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Work Pair of horn-shaped vases in the antique style from the Olympic Service

Department of Decorative Arts: 19th century

Paire de "cornets antiques" du service olympique

© 1999 RMN / Martine Beck-Coppola

Decorative Arts
19th century

Author(s):
Dryansky Larisa

The two "antique" horn-shaped vases were designed by Alexandre-Théodore Brongniart (1739–1813) after the form of ancient Roman rhytons. The painted and gilt decoration is of the finest quality. Imitating lapis lazuli and gilt bronze, it demonstrated that porcelain could be a match for precious stones and metals. Presented in 1814 as gifts to two of the Empress's dame du palais, these antique style vases are among the most stunning pieces created at Sèvres during the First Empire.

A form in the antique style

Each of this pair of vases has the form of a cornucopia ending with a boar's head. The model was designed by Alexandre-Théodore Brongniart (1739–1813), the father of the director of the Sèvres Manufactory. Based on antique forms, he was most likely inspired by an engraving by Piranesi (1720–1778), but also perhaps from original pieces such as one of the two cornucopia of the Borghese Collection that entered the Louvre in 1808. The decoration is also reminiscent of the antique. The upper part is graced with a molding and a bas-relief frieze of children picking fruit then sacrificing a goat. The use of a frieze can be traced directly to the antique, while the scene represented is an evocation of Greco-Roman religious offerings. Starting with the reign of Louis XVI, Antiquity became the main source of inspiration in decorative arts.

Decoration imitating precious stones and metals

The sculpturesque body of the vases, circled by a garland of flowers and fruit that wraps around the belly and falls down at the back, is decorated with lapis blue paint, creating the illusion that it is made of lapis lazuli. The frieze of children, the garland and the shallow fluting adorning the rim are gilded to imitate gilded bronze. This choice of colors, applied directly onto the biscuit, illustrates an important aspect of Alexandre Brongniart's (1770–1847) strategy as director of the Sèvres Manufactory, a position to which he was appointed in 1801. Brongniart's ambition was indeed to imitate precious stones and metals with porcelain. Some of the vases he produced have grounds made to look like tortoise shell, vermeil, or, as in the case of these horn-shaped vases, lapis lazuli.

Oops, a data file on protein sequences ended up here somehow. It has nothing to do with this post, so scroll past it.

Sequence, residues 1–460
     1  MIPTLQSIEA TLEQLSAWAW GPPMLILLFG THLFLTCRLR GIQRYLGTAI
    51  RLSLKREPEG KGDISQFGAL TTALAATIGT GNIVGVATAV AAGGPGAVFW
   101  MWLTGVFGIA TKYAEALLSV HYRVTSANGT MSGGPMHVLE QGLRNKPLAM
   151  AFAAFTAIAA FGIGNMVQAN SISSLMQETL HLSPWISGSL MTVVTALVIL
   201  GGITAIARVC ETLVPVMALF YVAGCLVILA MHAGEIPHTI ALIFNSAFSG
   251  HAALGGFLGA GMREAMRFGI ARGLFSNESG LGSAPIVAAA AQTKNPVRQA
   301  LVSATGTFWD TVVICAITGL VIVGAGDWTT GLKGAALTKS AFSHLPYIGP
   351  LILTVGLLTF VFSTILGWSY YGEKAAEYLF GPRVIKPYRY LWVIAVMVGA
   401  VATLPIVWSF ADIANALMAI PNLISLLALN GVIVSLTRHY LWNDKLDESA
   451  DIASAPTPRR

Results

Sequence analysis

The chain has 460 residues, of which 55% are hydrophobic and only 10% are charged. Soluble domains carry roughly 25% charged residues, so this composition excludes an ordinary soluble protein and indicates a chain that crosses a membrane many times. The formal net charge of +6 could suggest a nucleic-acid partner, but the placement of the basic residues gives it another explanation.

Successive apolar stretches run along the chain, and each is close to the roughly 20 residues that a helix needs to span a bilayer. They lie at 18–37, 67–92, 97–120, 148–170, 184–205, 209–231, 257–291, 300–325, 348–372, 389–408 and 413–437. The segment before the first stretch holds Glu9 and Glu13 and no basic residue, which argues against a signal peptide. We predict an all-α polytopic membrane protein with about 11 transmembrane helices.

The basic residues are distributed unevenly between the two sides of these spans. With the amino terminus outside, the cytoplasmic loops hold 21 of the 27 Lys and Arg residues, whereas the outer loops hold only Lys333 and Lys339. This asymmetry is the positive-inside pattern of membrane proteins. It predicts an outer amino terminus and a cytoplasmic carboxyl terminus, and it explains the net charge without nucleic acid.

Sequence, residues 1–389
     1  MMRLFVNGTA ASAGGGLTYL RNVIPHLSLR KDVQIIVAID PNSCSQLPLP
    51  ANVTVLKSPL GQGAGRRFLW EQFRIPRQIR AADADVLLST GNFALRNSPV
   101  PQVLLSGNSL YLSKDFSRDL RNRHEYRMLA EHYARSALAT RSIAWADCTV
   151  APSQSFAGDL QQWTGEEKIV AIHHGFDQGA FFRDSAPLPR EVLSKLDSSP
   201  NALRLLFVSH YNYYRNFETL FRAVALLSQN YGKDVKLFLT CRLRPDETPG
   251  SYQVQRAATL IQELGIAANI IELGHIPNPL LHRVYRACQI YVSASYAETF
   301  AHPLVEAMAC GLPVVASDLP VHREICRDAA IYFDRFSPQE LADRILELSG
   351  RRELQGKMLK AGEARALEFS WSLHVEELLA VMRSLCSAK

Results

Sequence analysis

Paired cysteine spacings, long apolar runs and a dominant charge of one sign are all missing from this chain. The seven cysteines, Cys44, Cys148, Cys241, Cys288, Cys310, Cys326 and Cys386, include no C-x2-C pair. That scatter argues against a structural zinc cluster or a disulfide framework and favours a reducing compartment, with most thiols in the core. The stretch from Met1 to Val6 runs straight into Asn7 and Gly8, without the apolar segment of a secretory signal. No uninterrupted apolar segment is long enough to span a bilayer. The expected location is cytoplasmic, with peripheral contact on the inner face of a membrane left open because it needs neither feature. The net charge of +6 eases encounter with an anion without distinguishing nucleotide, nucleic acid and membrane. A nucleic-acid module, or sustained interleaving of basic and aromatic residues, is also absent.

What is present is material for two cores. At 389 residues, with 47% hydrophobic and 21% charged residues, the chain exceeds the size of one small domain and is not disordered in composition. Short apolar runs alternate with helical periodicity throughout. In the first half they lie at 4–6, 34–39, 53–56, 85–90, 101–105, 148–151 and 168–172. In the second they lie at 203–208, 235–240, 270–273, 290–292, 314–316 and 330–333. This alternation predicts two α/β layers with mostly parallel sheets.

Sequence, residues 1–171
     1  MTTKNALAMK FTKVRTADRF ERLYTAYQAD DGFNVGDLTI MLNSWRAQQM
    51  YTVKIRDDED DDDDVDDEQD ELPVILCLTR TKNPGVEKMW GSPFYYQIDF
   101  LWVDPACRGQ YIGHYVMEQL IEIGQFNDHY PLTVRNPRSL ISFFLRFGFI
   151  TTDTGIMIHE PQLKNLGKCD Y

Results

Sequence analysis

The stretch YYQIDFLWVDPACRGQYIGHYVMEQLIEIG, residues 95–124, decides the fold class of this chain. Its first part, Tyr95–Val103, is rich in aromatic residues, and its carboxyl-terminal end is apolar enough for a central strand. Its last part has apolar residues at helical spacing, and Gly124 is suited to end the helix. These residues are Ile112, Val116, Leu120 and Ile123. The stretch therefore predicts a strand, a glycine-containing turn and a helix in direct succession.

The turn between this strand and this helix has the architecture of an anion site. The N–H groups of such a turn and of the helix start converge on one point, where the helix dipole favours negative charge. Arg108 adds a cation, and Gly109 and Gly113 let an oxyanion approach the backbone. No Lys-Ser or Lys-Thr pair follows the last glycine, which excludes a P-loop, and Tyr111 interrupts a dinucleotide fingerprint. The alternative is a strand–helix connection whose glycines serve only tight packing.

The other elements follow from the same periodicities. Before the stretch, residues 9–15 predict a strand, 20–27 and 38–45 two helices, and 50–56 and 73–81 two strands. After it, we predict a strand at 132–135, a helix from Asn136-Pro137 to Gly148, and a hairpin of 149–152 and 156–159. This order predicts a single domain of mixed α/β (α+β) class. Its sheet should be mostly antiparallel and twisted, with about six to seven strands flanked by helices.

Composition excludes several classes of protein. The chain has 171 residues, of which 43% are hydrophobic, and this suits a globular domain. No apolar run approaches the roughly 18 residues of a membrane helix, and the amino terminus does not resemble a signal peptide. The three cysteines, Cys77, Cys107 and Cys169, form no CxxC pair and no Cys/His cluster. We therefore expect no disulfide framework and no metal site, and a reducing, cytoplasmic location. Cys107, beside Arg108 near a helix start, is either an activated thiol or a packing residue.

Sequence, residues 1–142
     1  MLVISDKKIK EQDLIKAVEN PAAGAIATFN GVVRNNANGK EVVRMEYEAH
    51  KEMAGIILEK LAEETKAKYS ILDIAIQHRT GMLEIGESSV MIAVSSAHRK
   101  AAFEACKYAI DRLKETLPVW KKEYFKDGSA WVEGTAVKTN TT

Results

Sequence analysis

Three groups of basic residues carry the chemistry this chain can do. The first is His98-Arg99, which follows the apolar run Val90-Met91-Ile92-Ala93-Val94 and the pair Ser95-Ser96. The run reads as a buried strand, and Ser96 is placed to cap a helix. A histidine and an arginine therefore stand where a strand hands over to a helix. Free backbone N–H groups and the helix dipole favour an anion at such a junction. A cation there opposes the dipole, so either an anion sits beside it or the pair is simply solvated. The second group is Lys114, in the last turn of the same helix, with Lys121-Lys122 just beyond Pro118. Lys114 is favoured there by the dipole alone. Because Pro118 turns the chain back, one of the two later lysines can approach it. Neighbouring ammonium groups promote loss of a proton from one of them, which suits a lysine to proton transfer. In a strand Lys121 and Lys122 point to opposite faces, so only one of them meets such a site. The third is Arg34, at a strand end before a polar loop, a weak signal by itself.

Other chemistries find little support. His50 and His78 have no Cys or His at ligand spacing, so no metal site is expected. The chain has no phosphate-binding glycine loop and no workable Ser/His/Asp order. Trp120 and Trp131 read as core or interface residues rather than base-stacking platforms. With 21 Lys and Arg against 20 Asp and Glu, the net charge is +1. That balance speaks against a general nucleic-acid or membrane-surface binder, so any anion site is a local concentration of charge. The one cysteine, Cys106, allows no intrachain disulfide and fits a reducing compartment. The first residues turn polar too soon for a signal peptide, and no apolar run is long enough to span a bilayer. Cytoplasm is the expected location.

The background history of the "antique" horn-shaped vases

There are several known pairs of 'antique' horn-shaped vases. The first, completed in 1806, was intended as a centerpiece for the Olympic Service presented by Napoleon I to Czar Alexander I after the signing of the Tilsit Treaty. It is now in the Armory Museum in Moscow. The second pair, finished in 1807 and shipped to Russia, is today part of France's National Furniture Repository. The Louvre vases are a third version of this model but conceived this time as a set of independent ornamental objects. They were produced in several steps. The biscuit was first molded by Jean-Charles Blanchard, then the decoration painted by Charles-Théodore Bouteux, and finally the lapis ground added by Godin and Huré. The pieces were delivered to the Palais des Tuileries in 1813 to be presented as gifts to two of the Empress's dames du palais, the Duchess of Rovigo and the Countess of Montalivet.

Bibliography

Catalogue d’exposition : « Nouvelles Acquisitions du département des Objets d’art 1985-1989 », Paris, Éditions de la Réunion des musées nationaux, 1990, pp. 251-254

Technical description

  • Manufacture de Sèvres

    Paire de "cornets antiques" du service olympique

    1807 - 1813

    Sèvres

  • H. : 44 cm. ; L. : 43,50 cm. ; Pr. : 25 cm.

  • Acquisition 1988 , 1988

    OA 11174, OA 11175

  • Decorative Arts

    Richelieu wing
    1st floor
    Finacor
    Room 551

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